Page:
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Paradigm Shift Intervention Monitoring
received on 16/03/2011 from Dr Toshiro Kawashima, CVO, Animal Health
Division, Ministry of Agriculture, Forestry and Fisheries, Tokyo , Japan
Report type Follow-up report No. 8
Start date 15/12/2010
Date of first confirmation of the event 19/12/2010
Report date 16/03/2011
Date submitted to OIE 16/03/2011
Reason for notification Reoccurrence of a listed disease
Date of previous occurrence 01/04/2009
Manifestation of disease Clinical disease
Causal agent Highly pathogenic avian influenza virus
Nature of diagnosis Clinical, Laboratory (basic), Laboratory (advanced), Necropsy
This event pertains to the whole country
Related reports Immediate notification (20/12/2010)
Follow-up report No. 1 (22/12/2010)
Follow-up report No. 2 (19/01/2011)
Follow-up report No. 3 (23/01/2011)
Follow-up report No. 4 (04/02/2011)
Follow-up report No. 5 (14/02/2011)
Follow-up report No. 6 (24/02/2011)
Follow-up report No. 7 (03/03/2011)
Follow-up report No. 8 (16/03/2011)
The above comments summarize OIE reports on confirmed H5N1 in wild birds identified throughout Japan, including northern Japan. Sequences from three isolates from these outbreaks have been made public at Genbank. Two of the three (in Hokkaido and Fukushima) have S227R. All three sequences are the Fujian strain (clade 2.3.2) which have been circulating in wild birds for several years, including the large outbreaks in Japan, South Korea, and Russia in the spring of 2008. The clade 2.3.2 sequences have two additional receptor binding domain changes (V223I and M230I), which were present in the clade 2.2 sequences from the Gharbiya cluster in Egypt in late 2006. The Gharbiya cluster is the largest H5N1 cluster in Egypt reported to date. All three patients died and the RBD changes raised concerns of increase transmission in human.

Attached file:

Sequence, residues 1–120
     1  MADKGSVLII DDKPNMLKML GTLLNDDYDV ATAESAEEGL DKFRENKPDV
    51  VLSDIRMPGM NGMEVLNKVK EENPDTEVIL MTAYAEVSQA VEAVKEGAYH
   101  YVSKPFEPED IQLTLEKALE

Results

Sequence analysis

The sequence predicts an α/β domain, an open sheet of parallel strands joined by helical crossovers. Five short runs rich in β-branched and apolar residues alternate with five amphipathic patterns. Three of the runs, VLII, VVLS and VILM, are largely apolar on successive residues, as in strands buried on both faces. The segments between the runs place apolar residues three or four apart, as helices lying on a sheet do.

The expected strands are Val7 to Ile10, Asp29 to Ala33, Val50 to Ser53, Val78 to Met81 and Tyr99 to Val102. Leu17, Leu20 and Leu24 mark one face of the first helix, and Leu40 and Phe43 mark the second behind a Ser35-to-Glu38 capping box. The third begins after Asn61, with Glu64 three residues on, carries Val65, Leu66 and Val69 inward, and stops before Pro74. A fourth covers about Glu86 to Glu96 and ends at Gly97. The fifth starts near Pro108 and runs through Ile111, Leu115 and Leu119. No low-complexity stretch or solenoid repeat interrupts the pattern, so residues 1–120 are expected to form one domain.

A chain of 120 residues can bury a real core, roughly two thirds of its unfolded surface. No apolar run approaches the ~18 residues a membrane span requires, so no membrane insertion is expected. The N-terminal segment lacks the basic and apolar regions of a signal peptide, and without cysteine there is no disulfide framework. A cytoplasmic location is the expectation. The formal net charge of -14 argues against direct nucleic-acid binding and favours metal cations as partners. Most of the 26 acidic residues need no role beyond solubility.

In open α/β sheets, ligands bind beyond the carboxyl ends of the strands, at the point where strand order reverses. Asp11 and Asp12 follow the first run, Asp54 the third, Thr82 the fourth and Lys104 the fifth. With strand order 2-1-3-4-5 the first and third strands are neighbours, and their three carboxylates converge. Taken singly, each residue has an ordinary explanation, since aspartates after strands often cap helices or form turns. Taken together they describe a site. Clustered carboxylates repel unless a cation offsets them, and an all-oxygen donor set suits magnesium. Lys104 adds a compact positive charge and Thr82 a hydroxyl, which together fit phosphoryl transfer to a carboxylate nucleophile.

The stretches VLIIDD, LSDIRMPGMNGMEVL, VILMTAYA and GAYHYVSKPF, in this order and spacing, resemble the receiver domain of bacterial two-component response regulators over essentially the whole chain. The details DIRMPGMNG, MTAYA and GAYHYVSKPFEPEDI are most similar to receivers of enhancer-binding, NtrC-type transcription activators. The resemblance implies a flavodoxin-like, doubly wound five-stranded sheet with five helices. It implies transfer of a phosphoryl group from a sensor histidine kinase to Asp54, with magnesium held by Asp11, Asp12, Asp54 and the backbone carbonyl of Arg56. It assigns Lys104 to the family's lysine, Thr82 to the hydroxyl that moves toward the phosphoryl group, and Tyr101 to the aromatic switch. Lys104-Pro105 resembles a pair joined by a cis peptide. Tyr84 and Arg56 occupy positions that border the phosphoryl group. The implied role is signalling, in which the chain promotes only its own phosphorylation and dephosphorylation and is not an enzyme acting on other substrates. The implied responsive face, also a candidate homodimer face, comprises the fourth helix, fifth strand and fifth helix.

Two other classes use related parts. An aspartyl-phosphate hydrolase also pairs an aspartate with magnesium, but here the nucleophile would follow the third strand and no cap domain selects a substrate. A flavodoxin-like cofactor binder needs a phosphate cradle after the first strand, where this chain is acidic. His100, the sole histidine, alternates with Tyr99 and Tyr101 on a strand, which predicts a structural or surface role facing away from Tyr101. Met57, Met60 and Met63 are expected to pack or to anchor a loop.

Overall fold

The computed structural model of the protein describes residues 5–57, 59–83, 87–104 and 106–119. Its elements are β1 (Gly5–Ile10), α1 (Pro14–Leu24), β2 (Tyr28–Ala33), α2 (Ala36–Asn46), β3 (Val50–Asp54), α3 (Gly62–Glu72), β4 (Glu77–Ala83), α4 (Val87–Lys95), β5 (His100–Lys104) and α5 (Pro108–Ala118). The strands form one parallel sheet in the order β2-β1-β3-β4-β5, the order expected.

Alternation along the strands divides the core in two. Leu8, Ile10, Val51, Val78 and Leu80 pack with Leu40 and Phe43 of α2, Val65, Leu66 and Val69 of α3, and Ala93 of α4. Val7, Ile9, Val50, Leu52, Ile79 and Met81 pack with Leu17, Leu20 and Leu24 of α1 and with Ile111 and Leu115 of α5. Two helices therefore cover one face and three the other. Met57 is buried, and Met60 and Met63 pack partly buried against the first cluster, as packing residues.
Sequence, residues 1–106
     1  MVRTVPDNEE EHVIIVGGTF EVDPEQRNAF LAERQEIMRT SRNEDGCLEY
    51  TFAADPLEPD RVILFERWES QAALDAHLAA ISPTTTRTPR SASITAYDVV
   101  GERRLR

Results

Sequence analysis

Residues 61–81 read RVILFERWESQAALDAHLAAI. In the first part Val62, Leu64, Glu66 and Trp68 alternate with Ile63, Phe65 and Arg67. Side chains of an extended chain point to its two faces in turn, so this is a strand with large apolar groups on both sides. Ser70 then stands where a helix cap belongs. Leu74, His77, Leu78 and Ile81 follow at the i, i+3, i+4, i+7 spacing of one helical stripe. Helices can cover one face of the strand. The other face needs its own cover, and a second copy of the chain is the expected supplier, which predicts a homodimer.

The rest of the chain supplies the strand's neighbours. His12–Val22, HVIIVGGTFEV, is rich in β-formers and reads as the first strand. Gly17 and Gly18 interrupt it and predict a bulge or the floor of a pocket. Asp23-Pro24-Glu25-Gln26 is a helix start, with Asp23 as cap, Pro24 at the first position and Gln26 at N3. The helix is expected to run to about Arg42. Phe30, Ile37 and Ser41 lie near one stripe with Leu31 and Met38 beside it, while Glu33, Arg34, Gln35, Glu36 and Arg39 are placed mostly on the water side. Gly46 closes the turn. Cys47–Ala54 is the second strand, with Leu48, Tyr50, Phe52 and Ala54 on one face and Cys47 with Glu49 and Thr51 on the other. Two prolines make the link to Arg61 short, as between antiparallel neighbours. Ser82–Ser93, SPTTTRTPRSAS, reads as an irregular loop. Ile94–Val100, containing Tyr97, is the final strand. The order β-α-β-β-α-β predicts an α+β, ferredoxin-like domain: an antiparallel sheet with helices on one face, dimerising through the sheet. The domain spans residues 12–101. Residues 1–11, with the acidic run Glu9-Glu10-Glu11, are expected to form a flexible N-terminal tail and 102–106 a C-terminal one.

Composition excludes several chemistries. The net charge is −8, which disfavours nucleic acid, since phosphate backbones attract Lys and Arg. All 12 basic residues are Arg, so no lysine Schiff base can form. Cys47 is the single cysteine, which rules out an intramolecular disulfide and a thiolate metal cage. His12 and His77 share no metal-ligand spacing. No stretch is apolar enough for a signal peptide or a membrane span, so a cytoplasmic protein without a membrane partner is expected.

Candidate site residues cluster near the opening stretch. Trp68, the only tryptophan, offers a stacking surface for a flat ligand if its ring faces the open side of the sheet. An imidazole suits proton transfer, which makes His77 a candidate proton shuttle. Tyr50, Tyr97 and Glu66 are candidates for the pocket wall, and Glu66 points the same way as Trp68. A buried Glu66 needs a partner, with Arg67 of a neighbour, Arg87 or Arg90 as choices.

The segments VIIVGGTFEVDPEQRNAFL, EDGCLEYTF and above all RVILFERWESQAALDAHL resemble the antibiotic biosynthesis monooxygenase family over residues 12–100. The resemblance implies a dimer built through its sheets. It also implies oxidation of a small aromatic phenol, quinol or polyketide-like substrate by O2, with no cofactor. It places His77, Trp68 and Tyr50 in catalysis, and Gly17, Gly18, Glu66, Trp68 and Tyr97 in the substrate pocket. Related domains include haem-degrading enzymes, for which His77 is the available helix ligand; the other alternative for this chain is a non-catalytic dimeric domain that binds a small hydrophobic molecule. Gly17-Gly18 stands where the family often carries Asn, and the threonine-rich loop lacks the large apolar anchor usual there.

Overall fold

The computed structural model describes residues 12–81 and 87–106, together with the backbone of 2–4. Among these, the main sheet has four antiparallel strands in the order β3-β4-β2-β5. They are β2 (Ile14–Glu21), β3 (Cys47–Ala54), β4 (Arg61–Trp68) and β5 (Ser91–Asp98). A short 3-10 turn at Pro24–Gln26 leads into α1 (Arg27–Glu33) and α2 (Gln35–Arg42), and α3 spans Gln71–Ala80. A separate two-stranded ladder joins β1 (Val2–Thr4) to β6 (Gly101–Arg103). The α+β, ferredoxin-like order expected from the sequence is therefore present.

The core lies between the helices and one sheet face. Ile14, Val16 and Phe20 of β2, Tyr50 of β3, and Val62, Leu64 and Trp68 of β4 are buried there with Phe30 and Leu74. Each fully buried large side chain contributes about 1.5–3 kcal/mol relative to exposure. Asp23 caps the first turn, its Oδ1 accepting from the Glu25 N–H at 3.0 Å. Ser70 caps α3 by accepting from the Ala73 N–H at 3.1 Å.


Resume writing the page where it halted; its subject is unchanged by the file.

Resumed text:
The recent acquisition of S227R increased concerns because of the known changes in receptor binding specificity due to S227N, which was predicted and confirmed in 2 of the 4 sequences from Turkey in 2006. The recent reports of two confirmed cases in Kamalpur, a Bangladesh slum have increased concerns that clade 2.3.2 has migrated to Bangladesh and is involved in the two recent cases (as well as symptomatic contacts).
The worsening situation at the Daiichi nuclear power facility in Fukushima, Japan increases concerns that the H5N1 circulating in wild birds and poultry in the region will be impacted by the release of ionizing radiation. This radiation can lead to rapid evolution of clade 2.3.2 H5N1, which may lead to selection of changes that increase transmission in humans in the region. These changes could quickly spread through displaced persons living in crowded conditions that are far from ideal.
Close monitoring of these persons as well as H5N1 sequences from wild birds and poultry, a timely release of such sequences would be useful.